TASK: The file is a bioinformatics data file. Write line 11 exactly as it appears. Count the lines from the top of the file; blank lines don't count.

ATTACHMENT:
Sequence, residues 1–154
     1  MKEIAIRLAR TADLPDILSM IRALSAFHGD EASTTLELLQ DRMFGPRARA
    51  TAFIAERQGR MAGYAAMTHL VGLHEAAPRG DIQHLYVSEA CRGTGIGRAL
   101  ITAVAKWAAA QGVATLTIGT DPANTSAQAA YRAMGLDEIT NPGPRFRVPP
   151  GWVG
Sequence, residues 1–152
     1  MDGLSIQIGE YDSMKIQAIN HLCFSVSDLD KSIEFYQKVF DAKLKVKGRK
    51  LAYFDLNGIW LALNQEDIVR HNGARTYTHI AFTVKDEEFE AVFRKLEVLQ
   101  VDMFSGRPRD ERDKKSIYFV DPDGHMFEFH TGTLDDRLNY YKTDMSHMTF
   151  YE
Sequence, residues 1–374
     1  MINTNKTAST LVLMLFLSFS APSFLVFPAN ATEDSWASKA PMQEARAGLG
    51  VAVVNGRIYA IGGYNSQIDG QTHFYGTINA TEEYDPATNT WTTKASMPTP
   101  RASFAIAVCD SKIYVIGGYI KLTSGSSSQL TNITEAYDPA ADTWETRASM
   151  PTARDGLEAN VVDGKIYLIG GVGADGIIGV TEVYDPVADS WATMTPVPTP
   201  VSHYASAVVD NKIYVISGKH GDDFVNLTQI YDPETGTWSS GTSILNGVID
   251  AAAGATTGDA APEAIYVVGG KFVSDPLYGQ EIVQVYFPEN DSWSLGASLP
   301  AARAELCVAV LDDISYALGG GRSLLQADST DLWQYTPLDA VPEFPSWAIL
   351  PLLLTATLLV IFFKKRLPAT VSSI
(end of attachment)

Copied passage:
Sequence, residues 1–374